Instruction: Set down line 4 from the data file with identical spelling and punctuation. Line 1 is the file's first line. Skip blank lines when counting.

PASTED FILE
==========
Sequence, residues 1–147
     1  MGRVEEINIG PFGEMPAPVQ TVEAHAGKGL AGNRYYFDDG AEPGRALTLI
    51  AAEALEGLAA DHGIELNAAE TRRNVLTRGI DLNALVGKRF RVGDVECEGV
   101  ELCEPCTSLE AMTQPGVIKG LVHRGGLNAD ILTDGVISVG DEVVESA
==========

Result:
   101  ELCEPCTSLE AMTQPGVIKG LVHRGGLNAD ILTDGVISVG DEVVESA